The terrible choice: Child bride or plural wife?
A fundamentalist Mormon mother's difficult dilemma
by Daphne Bramham
The mother faced a terrible choice: Allow her 15-year-old daughter to marry a 19-year-old man she liked or risk having church leaders assign her as a plural wife to a much older man.
The mother chose monogamy for her daughter, even though she herself became a plural wife at 16.
The mother chose monogamy for her daughter, even though she wants the court to strike down the polygamy law.
Why? Although her daughter was too young to be legally married in British Columbia -- the law requires a judge's permission for anyone under 16 to marry -- the mother wanted her daughter to have someone she cared for.
The mother, known only as Witness #2, testified to her terrible choice Tuesday in B.C. Supreme Court as part of the constitutional reference case to determine whether Canada's polygamy law is valid.
She was the first witness for the Fundamentalist Church of Jesus Christ of Latter Day Saints. FLDS witnesses have been guaranteed anonymity to avoid future prosecution.
(The witness's daughter, now 26, no longer shares her mother's faith. Two years after the wedding, she and her partner left the FLDS and Bountiful. They remain together and have two children.)
Trained as a midwife, the witness said she knows nine or 10 American girls under 18 who were sent to Bountiful as brides and an equal number who went from Bountiful to the United States.
Does she consider girls marrying at 16 or younger as child abuse? No, she said, even though she believes girls should wait until they're 18.
She doesn't believe the prophet is infallible, so people can say no to his suggestions for marriage partners, she said. But the witness does believe that a man needs more than one wife to enter the highest realm of heaven.
And as long as polygamy is illegal, she said her family and others will live in poverty with no money for their children's education because so much of what they earn goes to church leaders' legal bills in the United States.
Was she aware that her hard-earned money was paying for the legal defence of men charged with sexually assaulting children?
The witness sighed deeply.
"Yes, I was aware we were choosing to help them out."
Did she know of anyone who couldn't go to post-secondary school because they were denied financial aid, a bursary or scholarship? Again, she sighed. No.
Faced with a long list of occupations that require post-secondary education, the witness couldn't name a single one that anyone from Bountiful had qualified for.
In her affidavit, she said decriminalizing polygamy would also mean her seven-year-old -- the youngest of nine -- wouldn't have to live in fear of having his father arrested.
But under cross-examination, she admitted that her seven-year-old has virtually no contact with anyone outside Bountiful and that if he's afraid, it's because of what people in Bountiful have told him.
Did anyone tell her child that the 2008 raid resulted in charges against FLDS men, including prophet Warren Jeffs, and that some have been convicted of child sex abuse? No.
Now in her 40s, Witness #2 was born into a polygamous family. Although her father had five wives, she grew up in a home with three "mothers" and "approximately 30 children."
She said she chose to marry at 16. She wanted to go to college. But her father and the prophet would only allow that if she married.
The man the prophet chose for her was 13 years older, and had married her sister six years earlier, when she was only 16.
The witness chose marriage, even though she said sharing a husband hasn't always been easy.
People in Bountiful do have options, she insisted.
The problem seems to be that they're not always good ones.
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The National Post - Canada January 25, 2011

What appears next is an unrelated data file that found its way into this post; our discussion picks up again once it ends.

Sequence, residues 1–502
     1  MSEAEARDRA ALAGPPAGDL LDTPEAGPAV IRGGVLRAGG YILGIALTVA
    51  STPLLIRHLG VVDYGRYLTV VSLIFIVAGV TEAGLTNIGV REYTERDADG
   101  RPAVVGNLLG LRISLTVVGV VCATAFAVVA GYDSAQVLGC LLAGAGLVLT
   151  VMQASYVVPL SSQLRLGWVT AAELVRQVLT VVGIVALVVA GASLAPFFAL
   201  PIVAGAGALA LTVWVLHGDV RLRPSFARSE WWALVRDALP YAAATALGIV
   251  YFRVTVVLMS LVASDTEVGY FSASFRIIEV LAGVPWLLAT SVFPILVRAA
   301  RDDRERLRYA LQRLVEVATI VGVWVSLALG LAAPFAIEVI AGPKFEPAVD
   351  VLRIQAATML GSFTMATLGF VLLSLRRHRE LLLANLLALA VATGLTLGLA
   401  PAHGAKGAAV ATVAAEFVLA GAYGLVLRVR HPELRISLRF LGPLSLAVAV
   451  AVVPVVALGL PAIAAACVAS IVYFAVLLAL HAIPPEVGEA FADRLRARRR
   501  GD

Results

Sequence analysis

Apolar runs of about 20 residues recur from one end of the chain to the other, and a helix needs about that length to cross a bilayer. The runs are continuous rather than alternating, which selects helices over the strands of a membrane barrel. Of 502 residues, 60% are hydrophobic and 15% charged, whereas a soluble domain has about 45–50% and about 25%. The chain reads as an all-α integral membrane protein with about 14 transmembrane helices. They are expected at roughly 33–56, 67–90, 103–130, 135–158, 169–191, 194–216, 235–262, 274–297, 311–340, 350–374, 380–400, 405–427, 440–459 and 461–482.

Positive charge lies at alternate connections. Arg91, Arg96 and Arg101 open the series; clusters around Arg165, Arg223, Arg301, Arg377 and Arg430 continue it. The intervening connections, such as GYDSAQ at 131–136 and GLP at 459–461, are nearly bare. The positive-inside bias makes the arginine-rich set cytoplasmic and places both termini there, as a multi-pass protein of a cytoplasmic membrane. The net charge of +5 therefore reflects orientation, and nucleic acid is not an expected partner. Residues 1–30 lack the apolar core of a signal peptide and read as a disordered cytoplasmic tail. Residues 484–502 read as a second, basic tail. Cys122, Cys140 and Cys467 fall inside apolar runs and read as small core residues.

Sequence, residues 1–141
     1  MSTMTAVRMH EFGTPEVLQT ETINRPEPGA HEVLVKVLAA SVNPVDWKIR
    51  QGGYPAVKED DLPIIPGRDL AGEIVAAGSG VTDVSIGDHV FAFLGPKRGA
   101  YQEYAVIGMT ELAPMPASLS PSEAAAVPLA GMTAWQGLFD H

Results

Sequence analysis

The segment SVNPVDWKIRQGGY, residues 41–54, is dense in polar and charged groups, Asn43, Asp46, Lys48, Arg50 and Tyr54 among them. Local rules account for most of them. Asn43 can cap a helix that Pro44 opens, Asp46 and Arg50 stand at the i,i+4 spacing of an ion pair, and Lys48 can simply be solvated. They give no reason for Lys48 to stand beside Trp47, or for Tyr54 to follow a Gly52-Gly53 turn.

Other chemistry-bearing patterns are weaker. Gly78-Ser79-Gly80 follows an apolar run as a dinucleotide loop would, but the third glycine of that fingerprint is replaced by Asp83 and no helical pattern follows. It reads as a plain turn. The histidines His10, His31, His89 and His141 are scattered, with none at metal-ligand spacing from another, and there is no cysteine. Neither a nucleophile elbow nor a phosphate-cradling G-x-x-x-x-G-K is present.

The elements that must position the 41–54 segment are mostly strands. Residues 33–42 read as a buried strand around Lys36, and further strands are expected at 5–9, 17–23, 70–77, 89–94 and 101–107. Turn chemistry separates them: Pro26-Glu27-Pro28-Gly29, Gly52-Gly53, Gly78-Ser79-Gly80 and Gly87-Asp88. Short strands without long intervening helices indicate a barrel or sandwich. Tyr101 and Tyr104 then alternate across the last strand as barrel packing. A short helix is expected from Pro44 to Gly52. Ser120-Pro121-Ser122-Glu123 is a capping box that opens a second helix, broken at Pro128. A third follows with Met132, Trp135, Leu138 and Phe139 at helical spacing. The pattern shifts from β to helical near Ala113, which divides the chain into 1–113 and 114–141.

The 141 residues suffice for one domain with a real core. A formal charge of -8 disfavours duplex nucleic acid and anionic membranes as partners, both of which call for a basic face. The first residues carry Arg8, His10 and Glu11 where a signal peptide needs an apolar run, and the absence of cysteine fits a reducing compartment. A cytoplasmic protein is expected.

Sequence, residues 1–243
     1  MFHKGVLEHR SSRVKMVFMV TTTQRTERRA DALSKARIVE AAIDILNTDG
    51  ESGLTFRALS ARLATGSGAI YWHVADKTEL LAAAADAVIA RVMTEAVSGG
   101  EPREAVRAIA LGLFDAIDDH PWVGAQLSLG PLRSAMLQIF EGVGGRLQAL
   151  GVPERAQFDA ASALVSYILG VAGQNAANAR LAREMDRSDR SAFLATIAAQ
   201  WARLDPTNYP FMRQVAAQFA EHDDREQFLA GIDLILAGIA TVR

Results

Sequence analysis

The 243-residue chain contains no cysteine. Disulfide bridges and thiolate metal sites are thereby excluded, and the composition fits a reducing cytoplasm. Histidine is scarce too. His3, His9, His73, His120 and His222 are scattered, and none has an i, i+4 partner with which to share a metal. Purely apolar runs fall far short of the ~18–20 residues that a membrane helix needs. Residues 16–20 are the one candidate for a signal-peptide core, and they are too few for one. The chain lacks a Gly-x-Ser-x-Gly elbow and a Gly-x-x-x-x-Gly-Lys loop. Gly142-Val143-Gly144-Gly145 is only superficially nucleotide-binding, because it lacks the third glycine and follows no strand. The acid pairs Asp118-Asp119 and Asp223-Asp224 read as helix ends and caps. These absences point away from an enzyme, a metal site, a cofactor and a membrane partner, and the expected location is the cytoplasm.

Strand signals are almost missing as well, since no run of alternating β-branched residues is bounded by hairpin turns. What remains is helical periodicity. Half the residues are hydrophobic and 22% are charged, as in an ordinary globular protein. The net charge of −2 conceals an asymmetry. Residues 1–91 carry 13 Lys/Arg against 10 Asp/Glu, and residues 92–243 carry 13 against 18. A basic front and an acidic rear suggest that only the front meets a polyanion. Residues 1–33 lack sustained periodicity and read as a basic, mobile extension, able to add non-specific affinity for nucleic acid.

Polygamist life takes ‘faith and determination,’ Bountiful woman testifies
Brian Hutchinson, National Post
VANCOUVER — She married at 16, the woman explained, to a man already in wedlock. He had married her biological sister. They live in Bountiful, the fundamentalist Mormon community in the B.C. interior. Their polygamous union will eventually allow them into the “highest degree of God’s celestial kingdom.” The marriage is blessed, the woman said. And it is illegal, under Canadian law.
The woman gave testimony Tuesday, from a sealed courtroom in downtown Vancouver. She was not on trial; rather, she appeared voluntarily, at a constitutional reference hearing underway to determine, if possible, the legitimacy of Canada’s anti-polygamy laws.
Entering into polygamous marriage contravenes existing laws, but finding proof of harm caused by the practice in Bountiful has for decades stymied police and the Crown.
Craig Jones, lead lawyer for the B.C. Attorney General, describes four categories of harm that arise from polygamy, which include “harms to the moral fabric and democratic essence of society” and “sexualization of young girls and the increased incidence of antisocial behaviour and crime.”
But a court-appointed amicus, a lawyer who represents the public, argues that harm arises in monogamous marriages, too. “The way to get control over them [when they occur in a polygamous situation] is to stop making polygamy itself a crime,” the amicus, George Macintosh, told the National Post in an interview. As it now stands, “people in polygamous marriages may not call upon authorities out of fear of prosecution.”
B.C. Supreme Court Justice Robert Bauman will form conclusions from the hearing and he’ll either direct when and how current anti-polygamy laws may be applied, or he’ll find the current laws invalid.
He has received affidavits and has heard testimony from experts and academics with keen interests in polygamy. They came to his court armed with statistics, opinions and points of view. But none of them had direct, personal experience with polygamous life.
Mr. Justice Bauman then heard from disenchanted former members of Bountiful’s Fundamentalist Church of Jesus Christ of Latter Day Saints, people who became alienated and felt badly treated before rejecting the faith. Their testimonies were powerful, sometimes sad.
Last week, Truman Oler testified. He’s the son of James Oler, a Bountiful leader with multiple wives, a man whom the B.C. attorney general has attempted unsuccessfully to prosecute in the past. Truman Oler described a community of distant fathers and neglected children.
“Personally I can’t see why [FLDS adherents] have so many children if they don’t want to take care of them,’’ he told the court last week.
Now begins another phase. Women devoted to Bountiful are now speaking out.